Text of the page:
Tags: Trees | Might | Have | Killed | Horses

Trees Might Have Killed Horses

Friday, 25 May 2001 12:00 AM

Scientists researching so-called mare reproductive loss syndrome said cyanide was detected in tests of dead foals and fetuses sent to Gluck Equine Research Center at the University of Kentucky for examination. As of noon Wednesday, the center had received 532 aborted and stillborn fetuses and foals since April 28. About 20 percent of this season's foals have been lost.

At an informal presentation late Thursday at Keeneland race track, Dr. M. Scott Smith, dean of the University of Kentucky College of Agriculture, said there still had been no conclusion on what led to the deaths of 2,000 fetuses and foals.

"We believe that cyanide poisoning is a primary agent in both late-term abortions and early fetal loss problems," Smith told the gathering. "The wild black cherry trees are a likely source for this cyanide, and the eastern tent caterpillar is a leading candidate to be either directly or indirectly involved in carrying this to horses."

Cherry trees are the caterpillars' favorite host.

Scientists had already ruled out viruses, bacteria and toxins in hay and pasture grasses as the cause.

"This was an excellent year for caterpillars," said Dr. Terry Fitzgerald, a professor of biological sciences at State University of New York College at Cortland. "Next year should be a very big year, too."

Dr. Thomas Tobin, a Gluck professor, said it was common knowledge that wilted leaves or broken branches from black cherry trees are deadly to cattle and sheep. The caterpillars are not only immune to cyanide, they carry residues and excrete it on the ground to discourage predators.

Tobin said it appears cyanide caused the foaling problems although the levels were not high enough to cause health problems for the mares themselves.

"Precisely how the delivery to the mare occurred is unclear," he said. The researchers said it is possible mares also munched cherry tree seedlings.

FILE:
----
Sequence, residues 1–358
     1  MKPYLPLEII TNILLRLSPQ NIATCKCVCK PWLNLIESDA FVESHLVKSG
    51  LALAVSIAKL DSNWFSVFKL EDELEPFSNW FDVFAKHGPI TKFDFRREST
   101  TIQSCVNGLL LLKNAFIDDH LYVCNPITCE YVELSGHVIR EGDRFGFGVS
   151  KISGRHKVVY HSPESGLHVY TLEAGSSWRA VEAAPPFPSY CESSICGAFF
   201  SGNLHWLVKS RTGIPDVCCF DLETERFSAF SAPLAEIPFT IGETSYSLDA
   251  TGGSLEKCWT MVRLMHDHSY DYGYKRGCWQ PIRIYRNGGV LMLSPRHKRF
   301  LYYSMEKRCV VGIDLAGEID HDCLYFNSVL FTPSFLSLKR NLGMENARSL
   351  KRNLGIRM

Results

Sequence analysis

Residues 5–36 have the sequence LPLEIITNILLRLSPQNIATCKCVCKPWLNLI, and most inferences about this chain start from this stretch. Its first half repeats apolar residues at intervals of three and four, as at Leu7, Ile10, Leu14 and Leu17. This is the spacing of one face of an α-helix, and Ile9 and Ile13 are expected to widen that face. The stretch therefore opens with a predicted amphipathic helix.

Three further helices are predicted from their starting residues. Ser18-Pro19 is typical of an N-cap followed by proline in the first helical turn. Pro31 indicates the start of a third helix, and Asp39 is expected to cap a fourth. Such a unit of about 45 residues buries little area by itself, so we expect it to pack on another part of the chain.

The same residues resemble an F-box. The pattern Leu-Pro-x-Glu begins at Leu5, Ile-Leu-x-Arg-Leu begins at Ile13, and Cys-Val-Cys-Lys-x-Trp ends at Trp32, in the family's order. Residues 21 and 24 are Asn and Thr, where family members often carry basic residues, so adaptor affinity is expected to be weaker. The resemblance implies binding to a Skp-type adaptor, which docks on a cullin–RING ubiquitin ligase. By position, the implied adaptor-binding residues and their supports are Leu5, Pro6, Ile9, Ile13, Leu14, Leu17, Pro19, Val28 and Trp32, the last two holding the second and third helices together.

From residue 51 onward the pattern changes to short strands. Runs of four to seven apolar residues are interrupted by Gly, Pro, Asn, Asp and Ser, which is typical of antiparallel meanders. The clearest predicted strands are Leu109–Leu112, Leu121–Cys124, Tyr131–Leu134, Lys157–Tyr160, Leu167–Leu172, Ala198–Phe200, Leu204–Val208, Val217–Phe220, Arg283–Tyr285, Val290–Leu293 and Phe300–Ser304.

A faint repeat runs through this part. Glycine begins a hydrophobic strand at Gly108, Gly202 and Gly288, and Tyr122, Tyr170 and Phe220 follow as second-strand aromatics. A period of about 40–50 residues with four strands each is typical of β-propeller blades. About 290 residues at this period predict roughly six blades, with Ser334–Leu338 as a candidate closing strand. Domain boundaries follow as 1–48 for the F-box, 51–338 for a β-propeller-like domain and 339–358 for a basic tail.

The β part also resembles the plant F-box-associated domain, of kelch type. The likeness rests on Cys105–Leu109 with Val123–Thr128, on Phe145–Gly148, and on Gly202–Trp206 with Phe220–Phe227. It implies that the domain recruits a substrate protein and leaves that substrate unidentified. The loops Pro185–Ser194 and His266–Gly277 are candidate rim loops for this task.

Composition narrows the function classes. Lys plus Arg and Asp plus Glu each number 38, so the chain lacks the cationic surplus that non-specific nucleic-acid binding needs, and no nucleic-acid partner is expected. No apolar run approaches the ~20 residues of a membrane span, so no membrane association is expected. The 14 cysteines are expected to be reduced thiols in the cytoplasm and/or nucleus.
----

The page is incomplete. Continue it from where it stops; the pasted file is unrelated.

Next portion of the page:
"We have noticed an association with the presence of cherry trees in pastures where mares lost fetuses and the presence of massive numbers of caterpillars," said Dr. David Powell, who is part of the Gluck research team.

University of Kentucky agronomist Jimmy Henning advised breeders to fence off cherry trees on their property before allowing mares to return to pastures. He said it appears horses picked up the cyanide from fences and grass where caterpillars deposited their waste.

The researchers said that the problem appeared to be dissipating and that there was no need to ship mares out of state.

A study of 487 mares bred between Feb. 9 and May 2 indicates 29 percent lost their foals, with those who were bred earlier in the period the most likely to abort.

The situation has already had a multimillion-dollar impact on Kentucky's $1.2 billion breeding industry. The owners of stud horses are not paid until a healthy foal is delivered.

Copyright 2001 by United Press International.

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Scientists researching so-called mare reproductive loss syndrome said cyanide was detected in tests of dead foals and fetuses sent to Gluck Equine Research Center at the University of Kentucky for examination. As of noon Wednesday, the center had received 532 aborted and...
Trees,Might,Have,Killed,Horses
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2001-00-25
Friday, 25 May 2001 12:00 AM
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